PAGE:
Liberal Prime Minister Justin Trudeau duked it out with Tory leader Erin O’Toole on Wednesday evening over climate change and the timing of Canadian elections amid the coronavirus (Covid-19) pandemic, in one of two pivotal debates as elections draw near.
The environment is among the top issues cited by Canadians heading into the September 20 vote, while Trudeau has seen his support plunge after calling early elections.
He now trails O’Toole in the polls 33.7% to 31.2% – within the margin of error.
In a poignant moment in the French-language debate, a boy far too young to vote, but concerned about his future, asked the leaders how they would deal with warming.
Trudeau, who has campaigned on a green recovery, touted his plan to slash carbon emissions by hiking a carbon tax incrementally to C$170 per tonne by the end of the decade, saying it has been judged the best by experts.
He accused the Conservatives of “going backwards” in endorsing a commitment under the 2015 Paris climate agreement to cut greenhouse gas emissions by 30% by 2030, from 2005 levels.
The Liberals are the “only ones with a real plan to tackle climate change”, he asserted, while assailing O’Toole over his pledge to revive a pipeline project from the Alberta oil sands to the Pacific port of Kitimat.
O’Toole countered that a strong economic recovery is required in order to pay for environmental measures, and pointed out that the Trudeau administration has missed its emissions targets to date.
Jagmeet Singh, leader of the leftist New Democratic Party, also piled on, saying to Trudeau in regards to emissions, “In six years, you have the worst record of the G7”.
Canada is the world’s fourth largest oil producer, and the sector’s emissions have stymied its climate efforts.
In March O’Toole found himself at odds with his rank-and-file after telling a party convention that a robust plan to tackle climate change was needed if the Conservatives ever hoped to unseat Trudeau.
Members instead voted down a resolution that said “climate change is real”.
On Wednesday, the debate moderator pressed O’Toole to explain “how we can pollute less by consuming more” under the Conservatives’ CO2 affinity programme.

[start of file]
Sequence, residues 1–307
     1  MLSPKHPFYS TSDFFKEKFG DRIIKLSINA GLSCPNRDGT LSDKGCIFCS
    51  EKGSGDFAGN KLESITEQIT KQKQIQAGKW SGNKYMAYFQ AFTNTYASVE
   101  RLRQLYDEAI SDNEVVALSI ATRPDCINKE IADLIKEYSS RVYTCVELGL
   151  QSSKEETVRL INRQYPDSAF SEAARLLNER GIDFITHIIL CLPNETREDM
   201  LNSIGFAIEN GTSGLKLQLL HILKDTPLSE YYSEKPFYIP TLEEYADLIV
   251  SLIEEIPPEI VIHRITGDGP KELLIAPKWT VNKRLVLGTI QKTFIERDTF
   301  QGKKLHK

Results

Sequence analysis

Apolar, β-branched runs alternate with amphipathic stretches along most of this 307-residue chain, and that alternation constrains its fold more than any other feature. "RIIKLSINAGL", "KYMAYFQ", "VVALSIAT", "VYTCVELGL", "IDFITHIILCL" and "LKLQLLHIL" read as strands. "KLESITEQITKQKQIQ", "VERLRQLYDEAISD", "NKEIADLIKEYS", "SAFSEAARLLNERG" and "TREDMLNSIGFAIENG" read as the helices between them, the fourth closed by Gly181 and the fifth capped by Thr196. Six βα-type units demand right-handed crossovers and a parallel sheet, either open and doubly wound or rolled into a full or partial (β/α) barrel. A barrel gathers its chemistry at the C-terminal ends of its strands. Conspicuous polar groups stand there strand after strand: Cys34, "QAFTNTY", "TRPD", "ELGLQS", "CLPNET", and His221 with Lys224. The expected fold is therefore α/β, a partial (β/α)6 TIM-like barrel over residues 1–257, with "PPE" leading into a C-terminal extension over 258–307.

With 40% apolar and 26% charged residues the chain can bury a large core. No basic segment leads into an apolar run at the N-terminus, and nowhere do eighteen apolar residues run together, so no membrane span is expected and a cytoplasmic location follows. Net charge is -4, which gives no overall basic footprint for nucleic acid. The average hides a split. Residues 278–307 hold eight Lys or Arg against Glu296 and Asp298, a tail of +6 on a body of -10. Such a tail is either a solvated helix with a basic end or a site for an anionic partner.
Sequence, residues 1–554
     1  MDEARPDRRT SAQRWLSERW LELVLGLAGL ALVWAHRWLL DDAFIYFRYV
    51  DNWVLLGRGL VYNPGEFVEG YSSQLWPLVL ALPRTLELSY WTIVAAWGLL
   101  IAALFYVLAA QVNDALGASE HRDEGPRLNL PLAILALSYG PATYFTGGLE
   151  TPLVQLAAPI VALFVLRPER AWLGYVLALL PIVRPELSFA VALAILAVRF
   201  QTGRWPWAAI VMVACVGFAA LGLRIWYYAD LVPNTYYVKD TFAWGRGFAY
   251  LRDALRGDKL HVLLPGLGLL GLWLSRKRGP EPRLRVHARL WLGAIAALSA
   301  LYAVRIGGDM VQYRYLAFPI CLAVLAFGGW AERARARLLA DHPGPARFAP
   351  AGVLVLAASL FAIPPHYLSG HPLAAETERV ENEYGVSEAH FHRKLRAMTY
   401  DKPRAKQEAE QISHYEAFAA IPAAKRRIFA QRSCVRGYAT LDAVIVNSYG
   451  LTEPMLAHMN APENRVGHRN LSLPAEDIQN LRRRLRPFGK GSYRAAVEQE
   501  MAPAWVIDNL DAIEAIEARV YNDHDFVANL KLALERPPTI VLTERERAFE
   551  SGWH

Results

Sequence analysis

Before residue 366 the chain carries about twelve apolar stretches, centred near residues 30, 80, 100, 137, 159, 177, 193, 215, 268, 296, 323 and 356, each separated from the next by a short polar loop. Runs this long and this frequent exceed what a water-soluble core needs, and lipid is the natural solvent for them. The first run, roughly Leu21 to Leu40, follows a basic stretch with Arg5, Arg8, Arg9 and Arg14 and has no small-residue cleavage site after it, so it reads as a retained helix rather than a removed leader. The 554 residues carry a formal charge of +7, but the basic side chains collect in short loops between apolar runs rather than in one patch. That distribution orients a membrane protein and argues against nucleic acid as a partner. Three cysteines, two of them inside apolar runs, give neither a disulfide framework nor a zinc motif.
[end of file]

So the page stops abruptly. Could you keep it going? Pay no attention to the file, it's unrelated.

The party proposes creating “low carbon savings accounts” with points earned by spending on gasoline, for example, to be used to buy items from an approved green list.
Earlier in the debate Trudeau was forced into a defensive crouch for having pulled the plug on his minority government to force the snap elections.
“Now is not the time for an election. Why in the middle of a pandemic did you call an election?” said O’Toole, echoed by other political party leaders on the stage.
Trudeau has been accused of calling the election while high in the polls, hoping to regain a majority in the House of Commons.
However, few Canadians wanted an election so soon after emerging from pandemic lockdowns while another Covid-19 surge threatens a return to offices and schools.
Trudeau, the son of former prime minister Pierre Trudeau, swept to power in 2015 unseating the Tories in office for almost a decade.
Fatigue has set in, while his golden boy image has been tarnished by scandals.
Fighting back, Trudeau said Canadians face important challenges ahead and must decide which party is best prepared to steer Canada’s pandemic exit.
“We can clearly see that there are quite profound differences in our vision for the country. These elections are a chance for Canadians to choose,” he said.
Along with Singh, separatist Bloc Quebecois leader Yves-Francois Blanchet and Green Party leader Annamie Paul, Trudeau and O’Toole also sparred over runaway Covid-19 deaths at elderly care homes, mandatory vaccines, public finances, and indigenous reconciliation.
A second debate, in English, is scheduled for the next evening.
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